Biodiversity Science ›› 2018, Vol. 26 ›› Issue (11): 1223-1235.

• Review •

### Algal diversity and their importance in ecological processes in typical mangrove ecosystems

Yu Gao1, 2, 3, Guanghui Lin1, 2, 3, *()

1. 1 Ministry of Education Key Laboratory for Earth System Modeling, Department of Earth System Science, Tsinghua University, Beijing 100084
2 Joint Center for Global Change Studies, Beijing 100875
3 Division of Marine Sciences & Technology, Graduate School at Shenzhen, Tsinghua University, Shenzhen, Guangdong 518055;
• Received:2018-03-19 Accepted:2018-05-18 Online:2019-01-08
• Lin Guanghui E-mail:lingh@tsinghua.edu.cn
• About author:

# Co-first authors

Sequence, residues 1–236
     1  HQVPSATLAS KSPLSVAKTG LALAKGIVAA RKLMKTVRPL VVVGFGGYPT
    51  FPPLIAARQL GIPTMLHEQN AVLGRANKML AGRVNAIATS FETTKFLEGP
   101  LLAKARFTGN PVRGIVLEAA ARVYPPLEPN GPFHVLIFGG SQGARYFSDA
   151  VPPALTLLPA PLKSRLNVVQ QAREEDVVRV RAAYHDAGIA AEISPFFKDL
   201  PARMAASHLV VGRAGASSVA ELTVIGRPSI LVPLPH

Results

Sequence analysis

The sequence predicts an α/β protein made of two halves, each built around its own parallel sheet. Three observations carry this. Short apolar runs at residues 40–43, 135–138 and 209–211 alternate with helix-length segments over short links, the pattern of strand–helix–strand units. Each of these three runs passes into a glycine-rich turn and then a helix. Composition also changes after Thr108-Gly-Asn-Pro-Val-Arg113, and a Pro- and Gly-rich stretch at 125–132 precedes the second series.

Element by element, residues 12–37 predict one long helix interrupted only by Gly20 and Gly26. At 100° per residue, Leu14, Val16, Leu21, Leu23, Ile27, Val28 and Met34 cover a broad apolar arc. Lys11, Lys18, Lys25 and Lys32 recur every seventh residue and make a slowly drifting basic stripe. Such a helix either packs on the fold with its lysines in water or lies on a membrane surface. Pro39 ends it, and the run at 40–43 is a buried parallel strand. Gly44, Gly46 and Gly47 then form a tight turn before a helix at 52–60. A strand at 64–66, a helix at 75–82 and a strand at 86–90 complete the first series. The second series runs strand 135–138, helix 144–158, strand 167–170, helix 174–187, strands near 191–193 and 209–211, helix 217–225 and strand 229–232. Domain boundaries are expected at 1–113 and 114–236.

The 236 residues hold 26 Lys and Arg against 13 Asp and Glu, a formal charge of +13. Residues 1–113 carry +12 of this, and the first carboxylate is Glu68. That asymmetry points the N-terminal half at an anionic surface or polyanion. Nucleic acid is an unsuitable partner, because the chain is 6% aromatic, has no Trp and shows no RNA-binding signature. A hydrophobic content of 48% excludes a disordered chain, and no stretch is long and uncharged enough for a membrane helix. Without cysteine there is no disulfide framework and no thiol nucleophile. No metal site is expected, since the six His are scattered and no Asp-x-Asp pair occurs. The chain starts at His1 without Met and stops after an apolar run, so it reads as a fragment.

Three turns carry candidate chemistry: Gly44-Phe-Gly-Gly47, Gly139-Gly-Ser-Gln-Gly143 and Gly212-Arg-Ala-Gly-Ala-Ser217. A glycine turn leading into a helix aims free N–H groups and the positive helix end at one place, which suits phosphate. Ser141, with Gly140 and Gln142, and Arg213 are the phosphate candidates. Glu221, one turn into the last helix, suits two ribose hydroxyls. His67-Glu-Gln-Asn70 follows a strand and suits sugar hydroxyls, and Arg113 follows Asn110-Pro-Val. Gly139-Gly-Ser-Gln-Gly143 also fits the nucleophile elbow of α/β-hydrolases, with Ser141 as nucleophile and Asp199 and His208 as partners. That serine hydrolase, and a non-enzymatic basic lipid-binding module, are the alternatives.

Algae are important flora in mangrove ecosystems. Algae can be divided into three ecological groups, namely phytoplankton, benthic microalgae, and macroalgae in mangrove ecosystems, which play important roles in organic carbon production and nutrient cycle. Despite the importance of algae for ecosystem function, studies of mangrove ecosystems have focused on higher plants and animals, with few studies of algae. Due to their abundance in mangrove ecosystems, studies of algae can broaden our understanding about the structure and function of mangrove ecosystems. In this review, we first briefly introduce algal groups and their ecological importance in mangrove ecosystems. Then, we emphasize species composition and geographical distribution of phytoplankton, benthic diatoms and macroalgae, and their importance in key ecological processes such as primary production, water pollution, element cycle, and carbon stock dynamics in mangrove ecosystem. The researches have showed that the species number of phytoplankton and benthic diatoms in mangroves varied from dozens to hundreds, and diatoms are dominant both in species composition and abundance, which are important primary producer, animal food, and pollution indicator. Macroalgae are mainly composed of red algae, green algae, brown algae and blue-green algae. Green algae are dominant in species richness whereas red algae are abundant in quantity. Algae contribute significantly to the carbon pool by sequestering and cycling carbon. We propose that future studies should focus on algal diversity and its role in ecological processes in mangrove ecosystems. Furthermore, we suggest that studies of algae should be part of comprehensive investigations on long-term ecosystem dynamics. The influence of continental runoff and tidal patterns on algal diversity and blue carbon dynamics in mangrove areas also deserve more attention, on account of being directly related to nutrient replenishment and dynamics. Since algal diversity in mangrove sediment is influenced by physico-chemical and biological condition of the system, it could be used as an indicator of climate change and effects of anthropogenic activity on mangrove ecosystems.